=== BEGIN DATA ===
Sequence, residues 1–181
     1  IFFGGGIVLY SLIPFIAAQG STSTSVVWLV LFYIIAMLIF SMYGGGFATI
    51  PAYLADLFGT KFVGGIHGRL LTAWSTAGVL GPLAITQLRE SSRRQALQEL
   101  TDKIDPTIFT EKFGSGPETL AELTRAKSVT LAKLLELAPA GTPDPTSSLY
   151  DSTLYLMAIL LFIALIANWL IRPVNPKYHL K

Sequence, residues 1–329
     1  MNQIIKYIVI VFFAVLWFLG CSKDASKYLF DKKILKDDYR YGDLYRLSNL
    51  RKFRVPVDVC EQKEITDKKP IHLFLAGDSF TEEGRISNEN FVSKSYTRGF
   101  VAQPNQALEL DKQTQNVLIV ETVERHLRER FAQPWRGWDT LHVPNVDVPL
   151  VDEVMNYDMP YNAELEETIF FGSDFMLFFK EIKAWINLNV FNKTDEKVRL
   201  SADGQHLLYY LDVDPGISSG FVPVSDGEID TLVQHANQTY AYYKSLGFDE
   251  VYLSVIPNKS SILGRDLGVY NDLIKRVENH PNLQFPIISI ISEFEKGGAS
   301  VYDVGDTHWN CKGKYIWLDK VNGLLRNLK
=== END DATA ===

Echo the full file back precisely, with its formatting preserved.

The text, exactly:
Sequence, residues 1–181
     1  IFFGGGIVLY SLIPFIAAQG STSTSVVWLV LFYIIAMLIF SMYGGGFATI
    51  PAYLADLFGT KFVGGIHGRL LTAWSTAGVL GPLAITQLRE SSRRQALQEL
   101  TDKIDPTIFT EKFGSGPETL AELTRAKSVT LAKLLELAPA GTPDPTSSLY
   151  DSTLYLMAIL LFIALIANWL IRPVNPKYHL K

Sequence, residues 1–329
     1  MNQIIKYIVI VFFAVLWFLG CSKDASKYLF DKKILKDDYR YGDLYRLSNL
    51  RKFRVPVDVC EQKEITDKKP IHLFLAGDSF TEEGRISNEN FVSKSYTRGF
   101  VAQPNQALEL DKQTQNVLIV ETVERHLRER FAQPWRGWDT LHVPNVDVPL
   151  VDEVMNYDMP YNAELEETIF FGSDFMLFFK EIKAWINLNV FNKTDEKVRL
   201  SADGQHLLYY LDVDPGISSG FVPVSDGEID TLVQHANQTY AYYKSLGFDE
   251  VYLSVIPNKS SILGRDLGVY NDLIKRVENH PNLQFPIISI ISEFEKGGAS
   301  VYDVGDTHWN CKGKYIWLDK VNGLLRNLK